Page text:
About 40,000 years ago, a huge volcanic eruption west of what is now Naples, Italy, showered ash over much of central and Eastern Europe. Some researchers have suggested that this super-eruption, combined with a sharp cold spell that hit the Northern Hemisphere at the same time, created a "volcanic winter" that did in the Neandertals. But a new study of microscopic particles of volcanic glass left behind by the explosion concludes that the eruption happened after the Neandertals were already mostly gone, putting the blame for their extinction on competition with modern humans.
Why the Neandertals disappeared is one of archaeology's longest-running debates. Over the years, opinions have shifted back and forth between climate change, competition with modern humans, and combinations of the two. Earlier this year, the climate change contingent got a boost when a European team determined that the Italian eruption, known as the Campanian Ignimbrite (CI), was two to three times larger than previous estimates. The researchers calculated that ash and chemical aerosols released into the atmosphere by the eruption cooled the Northern Hemisphere by as much as 2°C for up to 3 years.
Modern humans entered Europe from Africa and possibly the Middle East around the time of the eruption and Neandertals' demise, give or take several thousand years. The timing is critical. If Neandertals began disappearing before the eruption, it could not be responsible for their extinction; if their demise began at the same time or shortly afterward, the correlation with climate might still hold.
With these issues in mind, a team of more than 40 researchers from across Europe, led by geographer John Lowe of Royal Holloway, University of London in Egham, U.K., used a new technique for detecting volcanic ash across a much larger area than previously possible. The new method relies on deposits of cryptotephra, tiny particles of volcanic glass that are invisible to the naked eye. Unlike visible ash deposits, which are found over a more limited range, the much lighter cryptotephra can penetrate and be recovered from far-flung archaeological sites as well as marine, lake, and marsh environments. Moreover, by analyzing the chemical composition of the microscopic particles, researchers can trace them back to specific volcanic eruptions, in this case the CI.
The team collected samples containing CI cryptotephra from four central European caves where stone tools and other artifacts typical of Neandertals and modern humans have been found. They also gathered the particles from a modern human site in Libya and from marshland and marine sites in Greece and the Aegean Sea. The results, the team argues in a paper published online this week in the Proceedings of the National Academy of Sciences, are incompatible with the hypothesis that the CI was responsible for Neandertal extinction, at least in central Europe. The CI cryptotephra lie above, and so postdate, the transition from Neandertal to modern human stone tool types at all four central European sites, indicating that modern humans had replaced Neandertals before the catastrophic events of 40,000 years ago.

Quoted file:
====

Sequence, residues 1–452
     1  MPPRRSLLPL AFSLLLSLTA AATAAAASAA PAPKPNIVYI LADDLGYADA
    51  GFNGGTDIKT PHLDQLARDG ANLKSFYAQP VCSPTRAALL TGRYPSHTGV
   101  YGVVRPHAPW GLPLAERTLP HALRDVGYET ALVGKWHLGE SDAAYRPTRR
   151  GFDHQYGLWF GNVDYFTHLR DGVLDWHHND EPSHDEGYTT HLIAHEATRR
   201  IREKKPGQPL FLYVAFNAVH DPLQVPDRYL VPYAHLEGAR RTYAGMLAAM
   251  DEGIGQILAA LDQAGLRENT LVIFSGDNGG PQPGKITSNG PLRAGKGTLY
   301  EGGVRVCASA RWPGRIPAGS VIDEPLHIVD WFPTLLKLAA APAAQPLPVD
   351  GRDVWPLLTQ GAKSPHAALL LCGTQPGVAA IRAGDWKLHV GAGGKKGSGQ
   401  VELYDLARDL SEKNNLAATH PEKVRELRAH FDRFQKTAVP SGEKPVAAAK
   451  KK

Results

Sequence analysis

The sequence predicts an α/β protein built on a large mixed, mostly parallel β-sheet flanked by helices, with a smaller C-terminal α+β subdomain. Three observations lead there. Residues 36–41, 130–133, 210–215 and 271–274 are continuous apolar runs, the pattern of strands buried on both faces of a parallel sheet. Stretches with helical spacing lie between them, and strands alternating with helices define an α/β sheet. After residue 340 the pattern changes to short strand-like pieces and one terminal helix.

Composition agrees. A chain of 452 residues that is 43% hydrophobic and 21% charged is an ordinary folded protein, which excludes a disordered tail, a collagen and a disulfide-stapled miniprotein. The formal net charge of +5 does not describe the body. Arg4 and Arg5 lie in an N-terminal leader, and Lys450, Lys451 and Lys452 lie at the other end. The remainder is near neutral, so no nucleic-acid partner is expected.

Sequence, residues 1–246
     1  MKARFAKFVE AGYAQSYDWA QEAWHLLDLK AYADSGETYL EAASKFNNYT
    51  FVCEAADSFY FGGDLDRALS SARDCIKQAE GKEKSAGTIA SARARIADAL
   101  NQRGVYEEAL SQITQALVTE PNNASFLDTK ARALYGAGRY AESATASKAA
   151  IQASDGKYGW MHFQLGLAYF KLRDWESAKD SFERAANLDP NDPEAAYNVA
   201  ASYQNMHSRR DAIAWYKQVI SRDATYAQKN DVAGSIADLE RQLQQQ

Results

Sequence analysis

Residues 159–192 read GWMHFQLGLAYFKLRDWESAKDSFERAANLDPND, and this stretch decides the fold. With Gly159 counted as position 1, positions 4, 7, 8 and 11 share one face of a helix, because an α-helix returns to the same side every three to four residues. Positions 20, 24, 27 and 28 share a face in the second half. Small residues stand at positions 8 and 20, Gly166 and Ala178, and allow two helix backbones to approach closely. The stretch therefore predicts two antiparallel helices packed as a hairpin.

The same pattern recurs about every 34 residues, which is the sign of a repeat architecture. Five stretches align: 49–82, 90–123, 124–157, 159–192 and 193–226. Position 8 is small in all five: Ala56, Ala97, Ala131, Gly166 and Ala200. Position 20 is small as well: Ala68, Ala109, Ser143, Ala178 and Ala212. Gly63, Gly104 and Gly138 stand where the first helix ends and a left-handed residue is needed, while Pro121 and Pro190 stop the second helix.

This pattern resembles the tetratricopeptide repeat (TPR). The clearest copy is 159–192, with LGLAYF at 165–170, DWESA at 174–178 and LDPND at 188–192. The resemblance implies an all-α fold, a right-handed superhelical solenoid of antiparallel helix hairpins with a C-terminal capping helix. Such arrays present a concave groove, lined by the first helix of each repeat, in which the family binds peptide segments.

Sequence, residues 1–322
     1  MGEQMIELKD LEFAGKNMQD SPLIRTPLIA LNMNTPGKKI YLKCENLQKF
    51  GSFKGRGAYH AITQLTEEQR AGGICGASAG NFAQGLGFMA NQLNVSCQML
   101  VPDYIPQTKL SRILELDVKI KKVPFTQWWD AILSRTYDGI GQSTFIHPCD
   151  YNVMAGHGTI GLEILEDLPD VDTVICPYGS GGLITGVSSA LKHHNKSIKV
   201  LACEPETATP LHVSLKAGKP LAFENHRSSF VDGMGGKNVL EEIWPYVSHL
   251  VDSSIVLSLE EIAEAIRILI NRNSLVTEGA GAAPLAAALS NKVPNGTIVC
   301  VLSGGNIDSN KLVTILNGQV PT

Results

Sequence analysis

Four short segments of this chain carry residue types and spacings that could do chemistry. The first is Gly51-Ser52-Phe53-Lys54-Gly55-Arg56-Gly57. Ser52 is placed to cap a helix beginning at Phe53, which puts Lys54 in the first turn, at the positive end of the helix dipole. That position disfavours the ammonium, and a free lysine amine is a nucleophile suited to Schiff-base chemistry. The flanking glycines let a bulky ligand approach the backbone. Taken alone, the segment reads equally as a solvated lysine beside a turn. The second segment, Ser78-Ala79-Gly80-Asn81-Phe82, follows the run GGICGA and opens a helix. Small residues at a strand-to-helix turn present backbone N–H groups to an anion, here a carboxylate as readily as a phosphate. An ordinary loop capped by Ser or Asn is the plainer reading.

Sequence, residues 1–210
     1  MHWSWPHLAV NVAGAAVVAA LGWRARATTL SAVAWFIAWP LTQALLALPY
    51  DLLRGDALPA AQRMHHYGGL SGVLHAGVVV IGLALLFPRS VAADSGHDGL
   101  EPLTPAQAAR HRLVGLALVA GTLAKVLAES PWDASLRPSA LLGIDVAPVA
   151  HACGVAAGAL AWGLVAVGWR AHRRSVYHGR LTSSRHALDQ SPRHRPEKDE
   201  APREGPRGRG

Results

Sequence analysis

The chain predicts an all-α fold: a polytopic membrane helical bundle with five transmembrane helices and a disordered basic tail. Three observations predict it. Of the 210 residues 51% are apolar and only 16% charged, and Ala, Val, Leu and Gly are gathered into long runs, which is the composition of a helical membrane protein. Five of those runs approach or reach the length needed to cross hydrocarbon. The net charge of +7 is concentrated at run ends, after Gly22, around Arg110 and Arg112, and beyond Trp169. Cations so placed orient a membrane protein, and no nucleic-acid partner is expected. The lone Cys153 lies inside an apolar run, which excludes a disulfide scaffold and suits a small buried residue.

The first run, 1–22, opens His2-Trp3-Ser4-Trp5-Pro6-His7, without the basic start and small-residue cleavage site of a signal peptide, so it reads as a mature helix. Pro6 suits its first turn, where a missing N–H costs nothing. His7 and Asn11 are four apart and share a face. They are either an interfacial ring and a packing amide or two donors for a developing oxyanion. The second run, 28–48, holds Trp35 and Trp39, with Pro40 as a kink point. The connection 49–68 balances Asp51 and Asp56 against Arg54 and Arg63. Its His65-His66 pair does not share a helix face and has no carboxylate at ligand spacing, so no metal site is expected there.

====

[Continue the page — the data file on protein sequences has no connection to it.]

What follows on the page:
Moreover, analysis of tree pollen and other climatic indicators from the marsh and marine sediments confirmed that the CI was contemporaneous with a sharp cold spell called a Heinrich event, which is also often cited as a contributor to Neandertal extinction. So the data suggest that the eruption and the cold snap happened after the Neandertals had already vanished from central Europe.
"Climate was probably not directly responsible for Neandertal extinction, and catastrophic events most certainly were not," says co-author William Davies, an archaeologist at the University of Southampton, Avenue Campus, in the United Kingdom. That leaves competition with modern humans as the most likely culprit, the team contends.
Nevertheless, the authors concede that their results are only directly applicable to central and probably Eastern Europe, and not to Western Europe, where some researchers have claimed that Neandertals hung on until at least 35,000 years ago in Portugal and Spain. Because the team has not been able to find cryptotephra that far west, "we cannot rule out the survival of Neandertals post-CI and post Heinrich … in refugia like the Iberian Peninsula," says co-author Chris Stringer of the Natural History Museum in London. "But it must have been a very limited survival at best, as they headed to physical extinction."
The team's techniques offer new clues to the eruption, says Clive Finlayson, director of the heritage division at the Gibraltar Museum and head of the excavations at Gibraltar's caves, at the southern tip of Spain, where Neandertals may have survived until as late as 30,000 years ago. But Finlayson, an advocate of climate change as the key factor in Neandertal extinction, says the researchers have not proven their case. "We can only conclude from this that the eruption and subsequent climatic changes had no effect on Neandertals that were already extinct. To pretend that these results speak to other factors that may have generated the Neandertal extinction, which was a protracted process, is utter nonsense."